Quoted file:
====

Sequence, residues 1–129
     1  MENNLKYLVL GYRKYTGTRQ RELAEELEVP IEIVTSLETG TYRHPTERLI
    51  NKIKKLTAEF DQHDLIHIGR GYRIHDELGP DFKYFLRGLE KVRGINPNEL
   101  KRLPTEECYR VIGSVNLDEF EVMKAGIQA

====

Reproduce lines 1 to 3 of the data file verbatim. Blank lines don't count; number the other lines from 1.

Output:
Sequence, residues 1–129
     1  MENNLKYLVL GYRKYTGTRQ RELAEELEVP IEIVTSLETG TYRHPTERLI
    51  NKIKKLTAEF DQHDLIHIGR GYRIHDELGP DFKYFLRGLE KVRGINPNEL